Jays pinch-hit own miracle end Sprague's 2-rim HR in 9th wins it, 5-4

October 19, 1992|By Peter Schmuck | Peter Schmuck,Staff Writer

ATLANTA -- Now everyone knows the name of Toronto's backup catcher, too.

Ed Sprague became the lastest in baseball's week of unlikely heroes, hitting a two-run, pinch homer in the ninth inning last night as the Blue Jays stunned the Atlanta Braves, 5-4, to even the World Series at one game each.

On a night when everything looked wrong for the Blue Jays -- the Canadian flag was presented upside down and they were the victim of a bad call at home plate, Sprague made it all right. After a one-out walk to pinch hitter Derek Bell, Sprague, hitting for pitcher Duane Ward, jolted Jeff Reardon's first pitch over the left-field fence.

It was Toronto's first pinch homer since Sept. 20, 1991, when Pat Borders connected, and made Sprague, along with Kirk Gibson, the only World Series players ever to rally their team from a deficit to a victory with a ninth-inning pinch homer. It also was just the second homer this season for Sprague, who did not join the Blue Jays for good until late July.

Sprague's homer came a day after Braves reserve catcher Damon Berryhill hit a three-run homer off Jack Morris to rally Atlanta over Toronto, 3-1. Earlier this week, Braves backup backstop Francisco Cabrera won Game 7 of the NL playoffs with a two-out, two-run single in the ninth.

Ward was the winner and Tom Henke pitched the ninth for a save. Toronto relievers held Atlanta hitless for the final 4 2/3 innings.

Henke got Terry Pendleton to pop out for the final out with runners on first and second. Toronto's victory stopped a streak of eight straight wins by the home team in Series play.

The scene shifts to the SkyDome tomorrow night for Game 3, the first World Series game outside of the United States. Steve Avery will start for Atlanta against Juan Guzman.

Blue Jays veteran Jack Morris came into the postseason with the big name and the big-game reputation, but Smoltz has been nothing but effective since he made a name for himself in the playoffs last year.

He won two games in the 1991 National League Championship Series and came back to defeat the Pittsburgh Pirates two more times this year to win MVP honors and tie Steve Carlton's record of four NLCS victories. He did not earn a decision in last year's World Series, but he entered last night's game with a combined 1.98 postseason ERA.

He didn't wait long to show everyone why. Smoltz struck out five of the first six batters he faced and retired the first eight before opposing starter David Cone delivered the first hit of the game for the Blue Jays.

Smoltz had trouble keeping his emotions under control in the early innings of his previous start, but he had the Toronto lineup very much under control until the fifth. Cone has had trouble keeping base runners under control, and he quickly fell victim to an aggressive Braves game plan that mirrored the approach taken by the Oakland Athletics in the American League Championship Series.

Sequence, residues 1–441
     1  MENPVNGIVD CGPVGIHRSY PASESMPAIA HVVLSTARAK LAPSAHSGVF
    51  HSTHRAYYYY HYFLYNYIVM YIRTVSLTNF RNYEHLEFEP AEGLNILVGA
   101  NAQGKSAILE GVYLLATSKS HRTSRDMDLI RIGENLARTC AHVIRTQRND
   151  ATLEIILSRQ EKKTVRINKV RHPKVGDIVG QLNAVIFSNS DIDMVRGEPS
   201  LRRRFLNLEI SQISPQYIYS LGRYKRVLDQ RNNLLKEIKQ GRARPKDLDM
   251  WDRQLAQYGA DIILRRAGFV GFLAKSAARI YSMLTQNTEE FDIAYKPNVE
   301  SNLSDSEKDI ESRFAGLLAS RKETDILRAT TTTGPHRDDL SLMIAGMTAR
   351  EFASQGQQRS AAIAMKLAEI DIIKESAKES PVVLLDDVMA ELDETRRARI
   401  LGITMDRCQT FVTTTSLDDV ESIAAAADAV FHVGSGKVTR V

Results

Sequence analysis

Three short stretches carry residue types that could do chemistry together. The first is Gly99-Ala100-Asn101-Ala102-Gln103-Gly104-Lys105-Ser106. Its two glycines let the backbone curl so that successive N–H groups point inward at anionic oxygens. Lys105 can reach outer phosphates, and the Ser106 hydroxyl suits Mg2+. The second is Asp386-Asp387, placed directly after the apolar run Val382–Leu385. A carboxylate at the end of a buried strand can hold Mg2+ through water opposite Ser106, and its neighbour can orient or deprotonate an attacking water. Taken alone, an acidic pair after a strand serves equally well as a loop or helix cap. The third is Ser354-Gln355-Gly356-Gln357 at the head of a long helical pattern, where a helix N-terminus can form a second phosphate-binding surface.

Braves manager Bobby Cox inserted Deion Sanders into the No. 2 spot in the lineup just to terrorize Cone, who gave up six stolen bases in one of his playoff starts against the A's. The results were almost immediate. The Braves stole four bases in the first five innings, two of which led directly to runs. Sanders stole two himself, the second forcing an error by Borders and setting up the go-ahead run in the fifth.

There was more to the Braves' running game than the stolen base. They also used the hit-and-run to perfection in the fourth, taking advantage of a walk and a single to put runners at first and third with no one out. Berryhill could not get the run home, but Mark Lemke poked a ground ball to the right side that skipped past a diving Roberto Alomar and brought home the second Atlanta run.

The Blue Jays looked like they were going to get a gift run in the top of that inning, but a disputed call by home-plate umpire Mike Reilly kept the shutout alive for another inning. Alomar tried to score from third on a pitch that bounced away from Berryhill, but he was out when Berryhill pounced on the ball and flipped it to Smoltz at the plate.

Or was he?

Alomar slid headfirst and appeared to have his hand on the plate well before Smoltz dropped the tag on his upper arm. The video replay said as much, but the inning was over anyway.

The Blue Jays had to wait until the fifth to break through, and they had to get a second hit from Cone to do it. His two-out RBI single to center brought home the first run and kept the inning alive long enough for Devon White to tie the game with a run-scoring infield single.

Smoltz had been dominant up to that point. He even got the first two outs of that inning before Borders walked and Manuel Lee looped a broken-bat single to right. Cone jumped ahead 3-0 in the count, but Smoltz fought back to 3-2 before giving up the line drive to center field.

The second run of the inning would not have scored without an assist from Braves first baseman Sid Bream, who cut off Otis Nixon's throw to the plate and threw the ball right back into center field for an error that allowed Lee to move to third.

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